Friday, June 2, 2006

Lost Horizon

James Hilton's classic, Lost Horizon, is an extremely thought-provoking novel. In surprisingly short fashion, it tells the story of four travellers - two English diplomats, Conway and Mallinson, an American capitalist Barnard, and an English missionary Miss Brinklow - as they are led stray to a Tibetan monastery, the legendary utopian society of Shangri-La. As he spins the tale, Hilton raises several profound questions. What is utopia, and for that matter, what is the wisdom that allows us to attain it?

I believe Hilton's conjecture is that utopia comes from taking all things in moderation, and that wisdom is obtained by a reduction, or perhaps I should say 're-scaling' of human passions so that even the subtle joys of life are satisfying. But I also believe he is saying that wisdom comes from a better understanding and appreciation of time. He makes a comment that the Americans and British are always rushing around trying to get things done, and I believe it is true that modern society prioritizes activity, with the end result of sacrificing happiness without a commensurate increase in productivity. But these points are debatable of course, and largely depend on who you are. There are many people who prefer a secure, calm life, and yet many who prefer the extremes of passion. Hilton shows this brilliantly in the contrast between the older Conway, who has already seen his share of things in the world, and the young, impatient Mallinson who still has the rest of his life ahead of him.

(Warning: there are some spoilers coming up, so stop reading if you intend to read the book!)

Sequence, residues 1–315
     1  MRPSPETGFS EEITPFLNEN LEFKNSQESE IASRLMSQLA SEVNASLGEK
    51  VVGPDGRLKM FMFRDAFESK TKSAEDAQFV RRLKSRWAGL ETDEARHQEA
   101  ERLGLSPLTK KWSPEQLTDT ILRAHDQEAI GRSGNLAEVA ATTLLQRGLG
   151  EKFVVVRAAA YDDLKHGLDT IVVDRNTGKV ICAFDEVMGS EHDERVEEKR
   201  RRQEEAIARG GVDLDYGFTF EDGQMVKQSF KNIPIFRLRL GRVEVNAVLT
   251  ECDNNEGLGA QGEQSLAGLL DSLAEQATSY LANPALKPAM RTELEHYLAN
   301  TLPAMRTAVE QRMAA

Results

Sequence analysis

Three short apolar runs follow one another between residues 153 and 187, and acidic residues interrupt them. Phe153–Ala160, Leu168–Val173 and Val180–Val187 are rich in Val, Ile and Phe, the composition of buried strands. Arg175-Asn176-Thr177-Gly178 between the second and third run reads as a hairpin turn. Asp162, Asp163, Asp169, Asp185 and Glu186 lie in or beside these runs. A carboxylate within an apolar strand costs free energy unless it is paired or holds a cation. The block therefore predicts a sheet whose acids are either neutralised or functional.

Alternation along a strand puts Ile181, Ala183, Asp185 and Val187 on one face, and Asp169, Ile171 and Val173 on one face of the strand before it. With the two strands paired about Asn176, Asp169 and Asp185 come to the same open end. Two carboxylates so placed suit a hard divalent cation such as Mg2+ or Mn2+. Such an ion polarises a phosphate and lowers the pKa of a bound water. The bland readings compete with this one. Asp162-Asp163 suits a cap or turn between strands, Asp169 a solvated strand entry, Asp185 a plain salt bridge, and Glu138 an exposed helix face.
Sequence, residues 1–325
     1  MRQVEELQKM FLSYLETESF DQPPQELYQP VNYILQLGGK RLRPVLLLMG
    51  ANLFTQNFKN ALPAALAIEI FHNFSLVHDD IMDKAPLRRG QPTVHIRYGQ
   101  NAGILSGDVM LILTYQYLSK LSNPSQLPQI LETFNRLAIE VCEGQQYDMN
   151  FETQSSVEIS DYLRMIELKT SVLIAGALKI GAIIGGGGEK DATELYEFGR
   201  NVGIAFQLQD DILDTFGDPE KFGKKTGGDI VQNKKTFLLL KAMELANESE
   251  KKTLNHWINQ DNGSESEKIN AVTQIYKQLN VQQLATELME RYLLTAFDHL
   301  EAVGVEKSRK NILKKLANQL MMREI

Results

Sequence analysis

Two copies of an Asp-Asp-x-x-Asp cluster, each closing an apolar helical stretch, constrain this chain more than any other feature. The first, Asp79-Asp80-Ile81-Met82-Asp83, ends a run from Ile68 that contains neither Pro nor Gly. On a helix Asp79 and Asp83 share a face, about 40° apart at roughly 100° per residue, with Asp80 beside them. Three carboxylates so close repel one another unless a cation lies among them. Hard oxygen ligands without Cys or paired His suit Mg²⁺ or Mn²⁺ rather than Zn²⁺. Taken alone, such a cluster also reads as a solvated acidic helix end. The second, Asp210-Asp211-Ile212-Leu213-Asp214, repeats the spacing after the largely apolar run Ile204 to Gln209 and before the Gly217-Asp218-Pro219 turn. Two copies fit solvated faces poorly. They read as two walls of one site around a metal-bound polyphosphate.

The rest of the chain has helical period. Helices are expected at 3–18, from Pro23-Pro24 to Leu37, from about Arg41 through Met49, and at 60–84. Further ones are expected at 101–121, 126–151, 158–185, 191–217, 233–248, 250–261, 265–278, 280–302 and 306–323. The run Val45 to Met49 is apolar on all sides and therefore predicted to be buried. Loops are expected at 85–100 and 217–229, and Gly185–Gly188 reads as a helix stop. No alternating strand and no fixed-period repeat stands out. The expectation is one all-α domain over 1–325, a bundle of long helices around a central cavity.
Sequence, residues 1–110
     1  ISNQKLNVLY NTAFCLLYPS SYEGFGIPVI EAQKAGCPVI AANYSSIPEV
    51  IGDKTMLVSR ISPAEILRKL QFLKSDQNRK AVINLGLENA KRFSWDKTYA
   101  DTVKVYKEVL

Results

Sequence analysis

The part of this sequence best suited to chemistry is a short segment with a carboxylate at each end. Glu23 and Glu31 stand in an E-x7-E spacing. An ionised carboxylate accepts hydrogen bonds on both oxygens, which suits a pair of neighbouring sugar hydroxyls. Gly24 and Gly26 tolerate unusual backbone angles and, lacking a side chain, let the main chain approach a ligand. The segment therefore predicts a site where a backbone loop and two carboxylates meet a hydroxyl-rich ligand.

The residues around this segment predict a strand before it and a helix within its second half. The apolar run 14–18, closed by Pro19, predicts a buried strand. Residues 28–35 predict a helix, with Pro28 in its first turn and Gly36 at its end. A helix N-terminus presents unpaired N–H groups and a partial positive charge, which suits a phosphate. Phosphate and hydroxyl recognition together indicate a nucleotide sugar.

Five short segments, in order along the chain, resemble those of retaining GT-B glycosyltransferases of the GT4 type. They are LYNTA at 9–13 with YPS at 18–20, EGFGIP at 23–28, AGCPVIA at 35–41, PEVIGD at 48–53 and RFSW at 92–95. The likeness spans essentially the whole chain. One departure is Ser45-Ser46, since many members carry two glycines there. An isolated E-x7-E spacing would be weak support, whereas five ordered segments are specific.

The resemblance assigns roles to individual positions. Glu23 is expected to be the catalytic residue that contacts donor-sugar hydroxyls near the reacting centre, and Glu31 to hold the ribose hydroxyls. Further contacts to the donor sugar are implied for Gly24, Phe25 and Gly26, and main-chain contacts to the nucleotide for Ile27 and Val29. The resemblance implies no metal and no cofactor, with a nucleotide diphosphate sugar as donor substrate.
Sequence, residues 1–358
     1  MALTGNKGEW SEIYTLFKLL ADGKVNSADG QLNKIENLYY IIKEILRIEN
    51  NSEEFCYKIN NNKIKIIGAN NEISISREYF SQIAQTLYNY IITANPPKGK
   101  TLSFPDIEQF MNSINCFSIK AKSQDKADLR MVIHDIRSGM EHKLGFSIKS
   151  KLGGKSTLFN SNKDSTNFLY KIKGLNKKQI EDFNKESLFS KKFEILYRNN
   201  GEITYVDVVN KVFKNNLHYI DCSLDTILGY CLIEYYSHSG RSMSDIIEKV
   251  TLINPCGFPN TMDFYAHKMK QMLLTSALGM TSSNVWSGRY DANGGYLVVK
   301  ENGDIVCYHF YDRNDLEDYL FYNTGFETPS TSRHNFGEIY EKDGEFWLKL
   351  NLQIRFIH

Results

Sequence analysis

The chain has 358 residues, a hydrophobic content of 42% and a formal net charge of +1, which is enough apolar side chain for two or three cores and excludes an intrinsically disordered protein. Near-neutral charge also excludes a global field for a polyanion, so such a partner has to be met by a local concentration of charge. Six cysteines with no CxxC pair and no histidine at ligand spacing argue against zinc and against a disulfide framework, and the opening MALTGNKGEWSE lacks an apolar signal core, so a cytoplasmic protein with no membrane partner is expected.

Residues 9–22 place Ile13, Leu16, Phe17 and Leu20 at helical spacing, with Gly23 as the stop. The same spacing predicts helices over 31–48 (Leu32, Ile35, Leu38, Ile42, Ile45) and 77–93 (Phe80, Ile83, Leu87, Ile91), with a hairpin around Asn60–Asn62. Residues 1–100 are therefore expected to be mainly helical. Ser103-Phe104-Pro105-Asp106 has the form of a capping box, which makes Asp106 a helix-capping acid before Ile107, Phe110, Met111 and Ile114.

The question that really got me thinking however is this: why does Conway leave Shangri-La, when it seems he had found there exactly what he was looking for? I understand that Mallinson caused him to doubt that what he had seen and heard was actually real. And this doubt is certainly understandable, because the utopia of Shangri-La is a utopia of the mind, not of the body, so how can it be proven? But the question is, does it really matter if something is not real, if it satisfies something real in your heart? It is this question of accepting deception if the benefits outweigh reality that is the heart of movies like The Matrix, and Open Your Eyes (Vanilla Sky). It also occurs in religion, where you believe in something which you may never be able to really prove, but the belief makes you a better person. And also in unrequited love - if you love someone who does not love you back, is it still love?

But I think what really pushed Conway over the edge, so to speak, was when Mallinson convinced one of the monks to leave. I mean, if the place truly is utopia, why would anyone want to leave it? But I wonder if people also have a hard time accepting paradise. I believe there is a distrust or dissatisfaction with happiness that is innate to the human spirit - it may be one of our greatest strengths, but at the same time can be the cause of great sadness.